Thames Estuary Conservation
In the last 30 years, the Thames Estuary, UK has become one of the world's most unpolluted metropolitan tideways, but its rich variety of wildlife remains a well kept secret.
Commercially important fish species such as Dover sole and sea bass use the Thames as spawning and nursery grounds. The estuary's mud flats provide essential feeding grounds for internationally important migrant bird populations and ZSL's recent research has confirmed that dolphins, porpoises and seals are all regular visitors to the Thames.
ZSL has a number of Thames Estuary Projects, falling under the Marine and Freshwater conservation programme, that study the Thames and its diverse ecology.These include finding out about the mammals using the Thames, monitoring fish populations and keeping an eye on alien species.
Thames Marine Mammals
The Thames is visited by several species of cetaceans and seals. ZSl conservationists are closely monitoring how these species are faring, with a little help from the public through our cetacean survey. We are also the first port of call when a cetacean is stranded.
Find out more about our mammal projects
Conserving European Eels
ZSL has been working to conserve the eel population in the Thames for many years, monitoring the migration of eels and researching why eels have declined. Find out about eel monitoring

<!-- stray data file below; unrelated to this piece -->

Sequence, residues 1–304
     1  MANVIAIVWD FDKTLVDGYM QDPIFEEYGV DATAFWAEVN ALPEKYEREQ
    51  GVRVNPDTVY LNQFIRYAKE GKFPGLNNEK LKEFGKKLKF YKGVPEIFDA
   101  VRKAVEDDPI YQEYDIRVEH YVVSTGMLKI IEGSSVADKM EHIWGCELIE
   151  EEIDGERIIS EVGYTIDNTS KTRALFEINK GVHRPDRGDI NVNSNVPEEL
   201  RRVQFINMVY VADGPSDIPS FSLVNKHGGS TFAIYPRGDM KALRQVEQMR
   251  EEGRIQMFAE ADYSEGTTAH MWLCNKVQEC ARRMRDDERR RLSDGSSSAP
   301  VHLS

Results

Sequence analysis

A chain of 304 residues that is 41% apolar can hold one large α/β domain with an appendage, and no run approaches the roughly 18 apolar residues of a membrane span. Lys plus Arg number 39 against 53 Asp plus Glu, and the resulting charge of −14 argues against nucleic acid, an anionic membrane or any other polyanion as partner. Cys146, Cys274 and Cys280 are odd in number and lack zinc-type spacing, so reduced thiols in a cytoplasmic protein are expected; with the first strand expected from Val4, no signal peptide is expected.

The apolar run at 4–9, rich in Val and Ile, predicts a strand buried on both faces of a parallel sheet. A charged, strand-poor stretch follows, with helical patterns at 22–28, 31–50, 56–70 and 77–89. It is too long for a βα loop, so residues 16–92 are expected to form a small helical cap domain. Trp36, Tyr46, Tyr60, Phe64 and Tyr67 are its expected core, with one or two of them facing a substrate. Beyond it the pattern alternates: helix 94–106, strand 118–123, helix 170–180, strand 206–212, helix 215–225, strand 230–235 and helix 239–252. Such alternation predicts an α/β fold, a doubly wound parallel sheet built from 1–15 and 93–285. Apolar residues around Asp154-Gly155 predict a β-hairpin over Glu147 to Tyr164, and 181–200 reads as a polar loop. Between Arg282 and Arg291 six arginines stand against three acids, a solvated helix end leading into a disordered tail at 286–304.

Monitoring Thames Fish
ZSL conservationists are monitoring the fish populations in the Thames as part of a long term collaborative project. We want to know how pollution and water quality are affecting the populations of important fish species, and whether there are any interesting new visitors to the river.
Read about following Thames fish
Invasive species are one of the biggest threats to native wildlife. Every November, the weir at Richmond Lock is lifted to allow a portion of the river to drain naturally at low tide. ZSL uses this opportunity to scout the river bed for non-native species.
Read more about invasive species